I agree that a Jimmy/Lena romance would be just as tiresome, and just as much of a time suck. They still haven't figured out what to do with Jimmy. I do think it's a sign of maturity that he's not insisting on James anymore. You're Jimmy Olsen, man -- embrace it! The only non-Kara relationship that's kept my attention is Winn/Lyra. I think part of that is that they sprinkled it in sparingly, and part of it is that Jeremy Jordan sells the hell out of every scene he's in.

    I actually really appreciated that she didn't get defensive or make excuses: When she thought she was responsible, she owned up to the possibility that she was at fault and stepped aside until the truth could be determined. It's something that Lex never would have done, which makes her a bit more interesting than Lex.

    I do think her mopes were just a plot device to throw Kara and Sam together, so we can casually learn that, hmmm, they're both having nightmares that are keeping them up at night.

    I continue to be fascinating by origin story as horror movie, when it comes to Sam. "Smallville" kind of flirted with this at times, where the emergence of Clark's powers was unpredictable, unexpected, and not without problems.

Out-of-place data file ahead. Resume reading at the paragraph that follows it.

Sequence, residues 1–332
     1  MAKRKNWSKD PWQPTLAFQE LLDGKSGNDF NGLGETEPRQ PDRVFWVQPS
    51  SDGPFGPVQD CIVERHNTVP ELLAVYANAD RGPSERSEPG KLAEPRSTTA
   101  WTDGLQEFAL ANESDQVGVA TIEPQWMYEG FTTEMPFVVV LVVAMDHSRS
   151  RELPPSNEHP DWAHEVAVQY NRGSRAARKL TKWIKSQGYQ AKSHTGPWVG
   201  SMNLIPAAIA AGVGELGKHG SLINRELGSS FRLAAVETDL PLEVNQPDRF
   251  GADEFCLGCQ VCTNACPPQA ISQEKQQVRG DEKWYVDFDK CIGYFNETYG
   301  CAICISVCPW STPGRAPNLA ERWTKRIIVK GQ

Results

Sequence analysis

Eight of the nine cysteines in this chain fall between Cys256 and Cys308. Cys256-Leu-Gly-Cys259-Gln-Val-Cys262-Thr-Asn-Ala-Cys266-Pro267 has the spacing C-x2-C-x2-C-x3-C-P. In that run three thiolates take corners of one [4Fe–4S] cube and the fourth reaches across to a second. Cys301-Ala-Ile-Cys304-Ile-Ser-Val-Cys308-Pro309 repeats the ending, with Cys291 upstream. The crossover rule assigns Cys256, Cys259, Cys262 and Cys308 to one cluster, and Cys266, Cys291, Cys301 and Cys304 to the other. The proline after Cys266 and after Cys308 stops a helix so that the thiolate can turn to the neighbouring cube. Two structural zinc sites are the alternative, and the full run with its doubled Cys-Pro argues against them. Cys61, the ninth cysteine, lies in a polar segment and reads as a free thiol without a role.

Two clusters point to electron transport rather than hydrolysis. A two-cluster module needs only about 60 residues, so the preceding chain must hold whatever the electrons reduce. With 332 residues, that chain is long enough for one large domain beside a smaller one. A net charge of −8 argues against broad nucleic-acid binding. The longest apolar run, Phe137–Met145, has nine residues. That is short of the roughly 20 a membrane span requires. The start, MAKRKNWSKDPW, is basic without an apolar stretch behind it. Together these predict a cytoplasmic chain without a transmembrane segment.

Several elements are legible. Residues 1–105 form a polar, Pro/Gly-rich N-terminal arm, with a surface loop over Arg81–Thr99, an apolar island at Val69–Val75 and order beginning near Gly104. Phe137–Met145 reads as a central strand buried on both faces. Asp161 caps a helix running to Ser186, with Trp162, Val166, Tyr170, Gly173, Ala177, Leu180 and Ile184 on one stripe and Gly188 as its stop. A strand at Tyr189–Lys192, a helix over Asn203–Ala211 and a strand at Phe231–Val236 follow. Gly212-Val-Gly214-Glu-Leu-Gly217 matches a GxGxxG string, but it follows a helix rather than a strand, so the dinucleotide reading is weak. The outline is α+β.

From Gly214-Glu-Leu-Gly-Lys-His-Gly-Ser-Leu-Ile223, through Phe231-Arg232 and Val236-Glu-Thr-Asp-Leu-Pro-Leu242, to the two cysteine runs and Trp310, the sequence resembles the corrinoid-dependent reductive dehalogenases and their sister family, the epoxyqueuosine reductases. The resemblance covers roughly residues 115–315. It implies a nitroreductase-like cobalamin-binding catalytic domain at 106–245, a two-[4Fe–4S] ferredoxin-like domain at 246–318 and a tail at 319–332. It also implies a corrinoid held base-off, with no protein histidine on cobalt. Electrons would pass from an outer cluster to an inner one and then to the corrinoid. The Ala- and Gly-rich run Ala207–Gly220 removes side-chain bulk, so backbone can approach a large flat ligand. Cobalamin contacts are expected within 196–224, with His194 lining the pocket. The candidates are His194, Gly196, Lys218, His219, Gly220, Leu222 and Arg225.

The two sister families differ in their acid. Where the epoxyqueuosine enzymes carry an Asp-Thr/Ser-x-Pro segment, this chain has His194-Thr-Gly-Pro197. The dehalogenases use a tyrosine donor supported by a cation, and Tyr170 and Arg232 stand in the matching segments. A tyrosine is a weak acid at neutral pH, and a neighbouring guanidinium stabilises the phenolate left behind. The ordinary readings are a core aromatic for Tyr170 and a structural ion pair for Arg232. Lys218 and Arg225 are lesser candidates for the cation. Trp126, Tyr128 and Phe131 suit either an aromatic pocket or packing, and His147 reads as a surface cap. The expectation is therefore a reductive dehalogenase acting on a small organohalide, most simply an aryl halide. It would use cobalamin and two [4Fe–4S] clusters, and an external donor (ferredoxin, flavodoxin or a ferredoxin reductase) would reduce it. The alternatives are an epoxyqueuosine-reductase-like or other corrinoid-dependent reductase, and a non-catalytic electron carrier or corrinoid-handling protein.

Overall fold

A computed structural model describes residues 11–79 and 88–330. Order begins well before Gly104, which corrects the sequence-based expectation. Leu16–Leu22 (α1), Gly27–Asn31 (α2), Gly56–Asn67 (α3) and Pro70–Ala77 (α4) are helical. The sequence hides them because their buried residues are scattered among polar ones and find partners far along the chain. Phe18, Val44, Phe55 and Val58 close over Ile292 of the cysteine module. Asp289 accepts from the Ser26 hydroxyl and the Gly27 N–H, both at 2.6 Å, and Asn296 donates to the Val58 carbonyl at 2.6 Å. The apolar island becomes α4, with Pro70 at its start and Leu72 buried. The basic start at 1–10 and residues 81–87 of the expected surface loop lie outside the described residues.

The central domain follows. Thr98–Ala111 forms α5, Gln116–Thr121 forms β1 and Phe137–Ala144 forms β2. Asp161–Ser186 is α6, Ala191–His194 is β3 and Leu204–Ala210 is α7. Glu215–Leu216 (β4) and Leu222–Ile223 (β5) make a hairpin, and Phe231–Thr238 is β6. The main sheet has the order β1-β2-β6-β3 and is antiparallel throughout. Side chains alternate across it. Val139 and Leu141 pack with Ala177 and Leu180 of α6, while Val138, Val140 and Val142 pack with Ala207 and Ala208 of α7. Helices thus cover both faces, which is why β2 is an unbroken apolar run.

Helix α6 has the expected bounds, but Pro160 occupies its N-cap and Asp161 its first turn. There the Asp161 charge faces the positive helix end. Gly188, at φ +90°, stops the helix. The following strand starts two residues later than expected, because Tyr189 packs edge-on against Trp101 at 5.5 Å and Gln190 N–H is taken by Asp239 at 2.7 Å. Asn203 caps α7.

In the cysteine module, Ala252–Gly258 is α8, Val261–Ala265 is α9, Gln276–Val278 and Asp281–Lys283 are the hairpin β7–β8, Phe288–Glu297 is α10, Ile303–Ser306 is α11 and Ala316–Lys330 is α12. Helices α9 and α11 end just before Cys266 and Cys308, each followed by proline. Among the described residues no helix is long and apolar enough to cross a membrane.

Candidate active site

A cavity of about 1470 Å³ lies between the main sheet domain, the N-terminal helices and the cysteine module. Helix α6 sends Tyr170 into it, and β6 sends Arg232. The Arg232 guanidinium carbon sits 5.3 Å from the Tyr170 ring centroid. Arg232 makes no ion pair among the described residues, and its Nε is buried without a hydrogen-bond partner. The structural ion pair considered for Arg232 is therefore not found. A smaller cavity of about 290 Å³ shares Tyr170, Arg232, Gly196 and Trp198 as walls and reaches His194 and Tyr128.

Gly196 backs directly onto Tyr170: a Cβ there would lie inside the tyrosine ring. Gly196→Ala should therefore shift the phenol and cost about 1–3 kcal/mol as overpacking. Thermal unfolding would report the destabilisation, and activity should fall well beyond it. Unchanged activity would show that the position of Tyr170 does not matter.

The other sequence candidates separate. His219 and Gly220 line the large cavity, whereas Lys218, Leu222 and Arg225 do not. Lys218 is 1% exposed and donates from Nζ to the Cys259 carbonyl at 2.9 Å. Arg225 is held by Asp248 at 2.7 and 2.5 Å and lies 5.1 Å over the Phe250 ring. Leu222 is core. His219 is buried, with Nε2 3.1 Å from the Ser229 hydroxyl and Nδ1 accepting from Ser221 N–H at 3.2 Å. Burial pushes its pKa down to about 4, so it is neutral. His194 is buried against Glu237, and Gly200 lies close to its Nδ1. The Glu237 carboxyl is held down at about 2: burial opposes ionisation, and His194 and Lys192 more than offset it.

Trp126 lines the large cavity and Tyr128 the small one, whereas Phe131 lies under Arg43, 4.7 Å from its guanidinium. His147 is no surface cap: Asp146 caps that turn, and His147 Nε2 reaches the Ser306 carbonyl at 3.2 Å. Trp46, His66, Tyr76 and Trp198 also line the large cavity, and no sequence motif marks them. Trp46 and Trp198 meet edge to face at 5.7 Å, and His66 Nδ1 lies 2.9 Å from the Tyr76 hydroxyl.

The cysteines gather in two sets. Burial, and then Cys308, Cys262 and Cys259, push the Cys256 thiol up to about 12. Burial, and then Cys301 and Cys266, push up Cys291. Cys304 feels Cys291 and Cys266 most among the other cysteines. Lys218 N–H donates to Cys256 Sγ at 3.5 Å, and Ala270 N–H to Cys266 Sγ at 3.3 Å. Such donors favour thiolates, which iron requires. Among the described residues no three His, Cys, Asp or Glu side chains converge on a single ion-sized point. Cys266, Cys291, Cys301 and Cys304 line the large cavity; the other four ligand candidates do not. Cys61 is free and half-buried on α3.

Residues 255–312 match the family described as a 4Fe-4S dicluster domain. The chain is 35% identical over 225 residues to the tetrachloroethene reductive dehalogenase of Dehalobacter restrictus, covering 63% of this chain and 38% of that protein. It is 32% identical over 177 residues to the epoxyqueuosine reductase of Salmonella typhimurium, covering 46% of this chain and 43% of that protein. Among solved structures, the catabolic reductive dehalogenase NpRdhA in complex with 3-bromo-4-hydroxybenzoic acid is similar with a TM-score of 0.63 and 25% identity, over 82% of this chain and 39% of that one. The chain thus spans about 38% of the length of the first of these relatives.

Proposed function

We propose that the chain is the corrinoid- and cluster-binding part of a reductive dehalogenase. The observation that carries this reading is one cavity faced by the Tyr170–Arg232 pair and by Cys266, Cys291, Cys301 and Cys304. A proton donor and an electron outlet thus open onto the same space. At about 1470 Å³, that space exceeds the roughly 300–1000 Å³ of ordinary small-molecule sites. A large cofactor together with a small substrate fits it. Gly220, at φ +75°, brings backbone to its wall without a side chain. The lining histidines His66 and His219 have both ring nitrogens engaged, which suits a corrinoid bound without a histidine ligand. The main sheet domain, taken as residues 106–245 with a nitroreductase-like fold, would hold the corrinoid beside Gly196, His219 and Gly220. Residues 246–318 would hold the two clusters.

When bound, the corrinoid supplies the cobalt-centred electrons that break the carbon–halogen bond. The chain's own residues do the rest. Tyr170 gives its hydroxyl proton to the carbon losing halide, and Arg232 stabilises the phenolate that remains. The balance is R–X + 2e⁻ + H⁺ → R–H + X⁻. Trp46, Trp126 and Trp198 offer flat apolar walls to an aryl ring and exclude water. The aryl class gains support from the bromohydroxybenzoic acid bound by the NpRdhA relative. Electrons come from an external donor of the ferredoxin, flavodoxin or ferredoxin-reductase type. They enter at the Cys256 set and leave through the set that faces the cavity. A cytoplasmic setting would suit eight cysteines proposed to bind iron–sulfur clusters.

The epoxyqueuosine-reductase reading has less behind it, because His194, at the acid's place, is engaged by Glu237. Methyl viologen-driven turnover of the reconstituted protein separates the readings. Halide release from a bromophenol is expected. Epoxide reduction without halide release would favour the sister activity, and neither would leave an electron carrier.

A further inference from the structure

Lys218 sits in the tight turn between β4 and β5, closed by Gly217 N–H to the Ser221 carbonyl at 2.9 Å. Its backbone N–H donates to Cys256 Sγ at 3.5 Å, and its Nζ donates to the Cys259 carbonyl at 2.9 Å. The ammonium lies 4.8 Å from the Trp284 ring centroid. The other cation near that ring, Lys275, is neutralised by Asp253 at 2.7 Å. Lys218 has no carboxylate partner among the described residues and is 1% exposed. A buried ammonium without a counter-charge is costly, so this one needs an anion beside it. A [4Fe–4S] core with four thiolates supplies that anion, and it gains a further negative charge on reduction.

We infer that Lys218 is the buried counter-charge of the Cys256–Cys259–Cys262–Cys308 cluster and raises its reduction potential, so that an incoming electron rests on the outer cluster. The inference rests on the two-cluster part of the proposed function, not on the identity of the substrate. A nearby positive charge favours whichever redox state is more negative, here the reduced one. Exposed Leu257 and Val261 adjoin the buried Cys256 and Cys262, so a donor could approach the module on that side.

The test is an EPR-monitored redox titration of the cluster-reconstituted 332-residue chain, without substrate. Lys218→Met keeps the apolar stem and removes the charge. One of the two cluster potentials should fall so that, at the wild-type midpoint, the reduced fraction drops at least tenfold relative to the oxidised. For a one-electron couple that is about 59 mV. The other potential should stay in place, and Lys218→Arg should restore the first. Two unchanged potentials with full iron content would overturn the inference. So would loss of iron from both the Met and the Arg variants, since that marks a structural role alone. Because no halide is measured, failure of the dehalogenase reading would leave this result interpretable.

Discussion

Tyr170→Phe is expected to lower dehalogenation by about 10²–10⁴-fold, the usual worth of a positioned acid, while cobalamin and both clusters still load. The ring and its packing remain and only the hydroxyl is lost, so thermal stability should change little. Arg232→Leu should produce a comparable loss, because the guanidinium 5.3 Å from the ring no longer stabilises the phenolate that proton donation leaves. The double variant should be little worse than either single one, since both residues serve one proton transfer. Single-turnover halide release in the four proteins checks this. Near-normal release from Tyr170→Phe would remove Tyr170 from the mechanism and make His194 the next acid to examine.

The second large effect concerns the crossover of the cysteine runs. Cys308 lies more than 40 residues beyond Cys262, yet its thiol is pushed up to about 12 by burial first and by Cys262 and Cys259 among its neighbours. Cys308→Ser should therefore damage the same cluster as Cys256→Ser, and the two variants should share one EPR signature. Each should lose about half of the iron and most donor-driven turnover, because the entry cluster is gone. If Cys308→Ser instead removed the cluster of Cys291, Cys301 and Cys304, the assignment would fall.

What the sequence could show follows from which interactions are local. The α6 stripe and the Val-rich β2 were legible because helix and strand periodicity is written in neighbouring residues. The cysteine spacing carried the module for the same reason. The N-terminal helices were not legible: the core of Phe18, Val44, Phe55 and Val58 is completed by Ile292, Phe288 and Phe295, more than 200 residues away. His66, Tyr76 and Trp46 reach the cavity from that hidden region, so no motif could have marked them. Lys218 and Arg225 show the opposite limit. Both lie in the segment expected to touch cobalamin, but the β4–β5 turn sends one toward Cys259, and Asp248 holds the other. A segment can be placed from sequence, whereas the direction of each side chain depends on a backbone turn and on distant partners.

My theory for where a couple of these storylines are headed:
    My guess is that when Reign is defeated at the end of the season, Sam (or whatever's left of her) will be either dead or long-term incapacitated.

    Ruby will turn out to be Sam's biological daughter, and her own superpowers will start emerging. Alex ends up adopting her, drawing on what she learned being Kara's big sister, and ends up being her adoptive mother the way that her mother Eliza was for Kara.
     
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  11. Matt Hough

    Matt Hough Executive Producer